Column: It’s hard to believe, but Mike Trout is still getting better
Are you superstitious?
Mike Trout glanced up.
“Yeah,” he said.
“What’s the question about?” Trout said. “Hitting?”
Trout homered in each of the last three games leading into the Angels’ series opener Monday night against the Chicago White Sox. So, yeah, hitting.
“Yeah, no,” he said.
Trout chuckled and bolted into the part of the Angels’ clubhouse closed to reporters.
Several seconds later, Trout returned to his locker, still smiling.
“I’m messing with you,” he said. “Whatcha got?”
Of course Mike Trout isn’t superstitious.
He has been widely recognized as the best player in baseball for the last five years. Each of his seasons has been some variation of awesome and he’s playing better now than ever.
A few hours after talking about his improved production, Trout launched his 12th home run, extending his home run streak to a career-long four games. The last Angels player to homer in four consecutive games was Mark Trumbo, in 2012.
“Even though it sounds strange, it looks like he’s doing things easier,” manager Mike Scioscia said.
If you haven’t noticed what Trout has been doing in Anaheim, you’re not alone. Again hamstrung by injuries and the absence of frontline starting pitchers, the Angels are floundering around .500 and back in the role of regional afterthoughts. Angel Stadium was more than half-empty Monday night.
But the price of ignoring the Angels is missing out on Trout, who, at 25, could be a quarter of the way into the best season of his already-historic career.
He is on pace for 47 home runs. His single-season best of 41 was set in 2015.
He entered Monday batting .352, a career high. His previous best was .326, as a rookie in 2012.
His on-base percentage was .449, better than the .441 he recorded last year.
On-base-plus-slugging percentage? Also a career high, at a Babe Ruth-like 1.187. His OPS in each of the last two seasons was .991.
Some players around the league have said they have consciously tried to hit more home runs by adjusting the launch angles of their batted balls, which is information now widely available to players. Trout isn’t one of them.
“I don’t look at that stuff,” he said. “My thing is barrel up the baseball, if it goes over the fence, it goes over the fence.”
He also doesn’t have much use for studying video of opposing pitchers. “I like to be simple,” he said.
Of the chance he has of hitting 40 home runs and stealing 40 bases in the same season, Trout said, “It’d definitely be a cool statistic. But I don’t really set individual numbers. You can’t control home runs. If I try to hit home runs every time, I’m going to get out every time.”
While his immediate success has obscured the extent of his growth, a close observer such as Scioscia can point to how Trout has evolved as a player.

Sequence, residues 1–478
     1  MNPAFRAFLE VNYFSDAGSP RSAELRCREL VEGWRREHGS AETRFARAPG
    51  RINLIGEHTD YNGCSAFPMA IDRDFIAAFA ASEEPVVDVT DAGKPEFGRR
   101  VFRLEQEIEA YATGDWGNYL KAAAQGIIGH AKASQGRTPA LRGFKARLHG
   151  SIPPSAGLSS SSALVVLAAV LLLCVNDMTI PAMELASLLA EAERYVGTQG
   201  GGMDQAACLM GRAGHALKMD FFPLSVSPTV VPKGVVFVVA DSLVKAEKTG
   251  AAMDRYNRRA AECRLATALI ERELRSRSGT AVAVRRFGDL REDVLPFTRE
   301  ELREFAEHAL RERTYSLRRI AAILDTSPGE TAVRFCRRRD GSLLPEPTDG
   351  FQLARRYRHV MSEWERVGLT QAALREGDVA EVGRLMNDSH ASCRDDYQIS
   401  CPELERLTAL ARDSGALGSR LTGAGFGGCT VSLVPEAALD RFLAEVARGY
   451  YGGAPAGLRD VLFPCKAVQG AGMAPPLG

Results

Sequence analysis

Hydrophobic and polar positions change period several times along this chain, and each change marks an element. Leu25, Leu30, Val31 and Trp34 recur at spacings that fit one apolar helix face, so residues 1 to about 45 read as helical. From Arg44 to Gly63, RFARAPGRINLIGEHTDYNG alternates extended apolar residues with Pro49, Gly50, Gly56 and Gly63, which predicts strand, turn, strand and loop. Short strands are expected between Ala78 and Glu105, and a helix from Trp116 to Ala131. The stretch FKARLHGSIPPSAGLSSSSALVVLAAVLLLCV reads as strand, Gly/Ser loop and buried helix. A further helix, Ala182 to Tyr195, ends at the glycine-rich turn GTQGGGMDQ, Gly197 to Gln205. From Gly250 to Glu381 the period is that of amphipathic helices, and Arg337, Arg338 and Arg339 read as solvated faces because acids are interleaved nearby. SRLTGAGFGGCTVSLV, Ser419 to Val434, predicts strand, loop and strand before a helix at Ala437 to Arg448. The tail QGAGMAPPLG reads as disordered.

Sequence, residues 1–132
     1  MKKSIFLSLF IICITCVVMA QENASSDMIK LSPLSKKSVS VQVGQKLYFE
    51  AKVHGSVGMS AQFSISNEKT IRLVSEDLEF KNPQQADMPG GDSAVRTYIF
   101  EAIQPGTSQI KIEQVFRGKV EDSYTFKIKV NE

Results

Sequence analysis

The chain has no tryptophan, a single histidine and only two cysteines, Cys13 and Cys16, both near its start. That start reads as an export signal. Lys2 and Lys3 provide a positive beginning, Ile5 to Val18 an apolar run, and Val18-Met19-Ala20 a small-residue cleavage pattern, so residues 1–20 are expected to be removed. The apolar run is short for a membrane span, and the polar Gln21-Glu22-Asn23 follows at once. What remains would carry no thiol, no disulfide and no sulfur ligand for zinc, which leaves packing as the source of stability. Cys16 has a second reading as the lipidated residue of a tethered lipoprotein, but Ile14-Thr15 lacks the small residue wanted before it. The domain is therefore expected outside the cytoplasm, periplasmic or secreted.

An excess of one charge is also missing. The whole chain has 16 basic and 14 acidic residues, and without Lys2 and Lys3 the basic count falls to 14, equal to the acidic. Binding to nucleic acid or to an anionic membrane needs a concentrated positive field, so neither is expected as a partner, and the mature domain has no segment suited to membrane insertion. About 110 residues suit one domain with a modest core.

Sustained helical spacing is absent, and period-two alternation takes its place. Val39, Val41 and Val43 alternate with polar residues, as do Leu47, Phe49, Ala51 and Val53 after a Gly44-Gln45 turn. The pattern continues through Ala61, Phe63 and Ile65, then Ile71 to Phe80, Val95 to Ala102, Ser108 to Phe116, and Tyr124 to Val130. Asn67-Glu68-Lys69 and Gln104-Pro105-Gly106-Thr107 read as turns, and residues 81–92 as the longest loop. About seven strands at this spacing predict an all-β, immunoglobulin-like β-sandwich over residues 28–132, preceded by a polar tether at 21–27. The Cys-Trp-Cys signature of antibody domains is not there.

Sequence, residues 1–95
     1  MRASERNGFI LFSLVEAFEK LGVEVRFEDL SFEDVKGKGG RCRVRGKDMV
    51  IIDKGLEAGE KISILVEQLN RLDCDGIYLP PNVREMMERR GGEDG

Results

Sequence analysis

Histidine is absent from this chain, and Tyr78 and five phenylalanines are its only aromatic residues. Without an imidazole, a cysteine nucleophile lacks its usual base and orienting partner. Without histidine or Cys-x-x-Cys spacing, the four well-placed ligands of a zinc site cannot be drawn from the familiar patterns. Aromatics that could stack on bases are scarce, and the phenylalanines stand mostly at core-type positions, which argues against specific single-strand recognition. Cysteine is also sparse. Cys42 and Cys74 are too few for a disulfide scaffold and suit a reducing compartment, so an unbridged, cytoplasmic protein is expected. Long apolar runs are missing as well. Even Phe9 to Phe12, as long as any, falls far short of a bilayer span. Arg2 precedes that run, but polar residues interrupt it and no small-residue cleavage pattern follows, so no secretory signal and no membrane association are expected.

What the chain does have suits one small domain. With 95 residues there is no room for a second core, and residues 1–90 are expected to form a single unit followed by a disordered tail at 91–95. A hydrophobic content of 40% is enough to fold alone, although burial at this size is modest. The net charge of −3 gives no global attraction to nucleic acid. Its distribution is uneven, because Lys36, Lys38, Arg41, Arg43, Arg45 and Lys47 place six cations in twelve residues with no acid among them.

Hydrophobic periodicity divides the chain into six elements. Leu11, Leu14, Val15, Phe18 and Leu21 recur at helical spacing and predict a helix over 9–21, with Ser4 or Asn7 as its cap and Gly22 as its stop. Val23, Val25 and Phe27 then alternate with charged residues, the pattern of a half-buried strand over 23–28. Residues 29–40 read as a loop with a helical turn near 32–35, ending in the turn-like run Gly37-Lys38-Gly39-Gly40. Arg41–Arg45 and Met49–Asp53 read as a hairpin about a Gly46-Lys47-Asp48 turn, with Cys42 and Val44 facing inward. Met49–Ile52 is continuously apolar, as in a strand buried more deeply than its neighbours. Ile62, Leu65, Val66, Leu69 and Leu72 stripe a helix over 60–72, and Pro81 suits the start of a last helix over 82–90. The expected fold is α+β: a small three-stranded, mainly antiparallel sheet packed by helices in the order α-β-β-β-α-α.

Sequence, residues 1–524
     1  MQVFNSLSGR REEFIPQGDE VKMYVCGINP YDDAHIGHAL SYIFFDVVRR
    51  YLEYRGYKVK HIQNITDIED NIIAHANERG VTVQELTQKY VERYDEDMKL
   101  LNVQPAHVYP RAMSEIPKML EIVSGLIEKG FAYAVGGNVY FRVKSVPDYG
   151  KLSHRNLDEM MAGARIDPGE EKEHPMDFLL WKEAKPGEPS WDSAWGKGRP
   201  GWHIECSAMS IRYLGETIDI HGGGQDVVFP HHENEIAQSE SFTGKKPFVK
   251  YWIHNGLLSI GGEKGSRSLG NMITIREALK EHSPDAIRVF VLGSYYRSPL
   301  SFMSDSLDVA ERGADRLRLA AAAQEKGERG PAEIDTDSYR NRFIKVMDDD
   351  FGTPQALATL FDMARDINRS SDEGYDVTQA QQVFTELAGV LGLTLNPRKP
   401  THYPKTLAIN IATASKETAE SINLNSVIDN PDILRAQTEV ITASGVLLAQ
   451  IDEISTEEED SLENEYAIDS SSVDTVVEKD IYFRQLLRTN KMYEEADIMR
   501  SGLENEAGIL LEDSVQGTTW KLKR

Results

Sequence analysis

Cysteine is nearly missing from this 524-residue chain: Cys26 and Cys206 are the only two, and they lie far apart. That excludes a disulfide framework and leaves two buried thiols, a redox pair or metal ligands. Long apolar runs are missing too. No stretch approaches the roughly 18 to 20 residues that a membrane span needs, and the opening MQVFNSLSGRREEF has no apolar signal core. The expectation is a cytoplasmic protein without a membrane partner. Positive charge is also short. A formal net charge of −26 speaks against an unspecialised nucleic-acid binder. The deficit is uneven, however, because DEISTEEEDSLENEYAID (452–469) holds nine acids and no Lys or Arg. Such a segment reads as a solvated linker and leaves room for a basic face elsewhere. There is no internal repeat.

“You’re 19 years old, I don’t care how good you are, you’re not the finished product,” Scioscia said. “I think experience is the best teacher and he’s used his experience extremely well. He’s made adjustments along the way.”
Trout has gradually become more aggressive.
Two years ago, he swung at only 10.2% of first pitches, according to Baseball Reference. This season, that number was up to 24.5% through Sunday.
“He’s definitely made adjustments to where he was a couple of years ago, where he was very, very passive early in counts,” Scioscia said.
Trout was productive back then, too. That was one of the three seasons in which he was the runner-up for the American League MVP award. He finished first in his other two seasons.
“It worked both ways, but it’s an adjustment that I know he was comfortable with and it’s led to pitchers having to do some different things that probably led to better counts for him in the course of an at-bat,” Scioscia said. “I think it’s a good thing when you’re able to have the plate discipline that Mike has when you’re able to do that. A lot of guys try to be more aggressive and it’s counterproductive because they’re going to start to expand a little early in counts and get into counts they shouldn’t be in.”
Trout has somehow not only become more aggressive, he also has become more selective.
He has swung at a career-low 21.7% of pitches outside the strike zone, down from 23.0% last year, according to FanGraphs. He has swung at a career-high 70.5% of pitches in the zone, up from his previous best of 60.3% last year.
Trout pointed to his experience as the reason.
“You see the pitchers more often,” Trout said. “Over the five or six years, you get to see pitchers more often and see their tendencies.”
Scary words for opposing pitchers.
Follow Dylan Hernandez on Twitter @dylanohernandez
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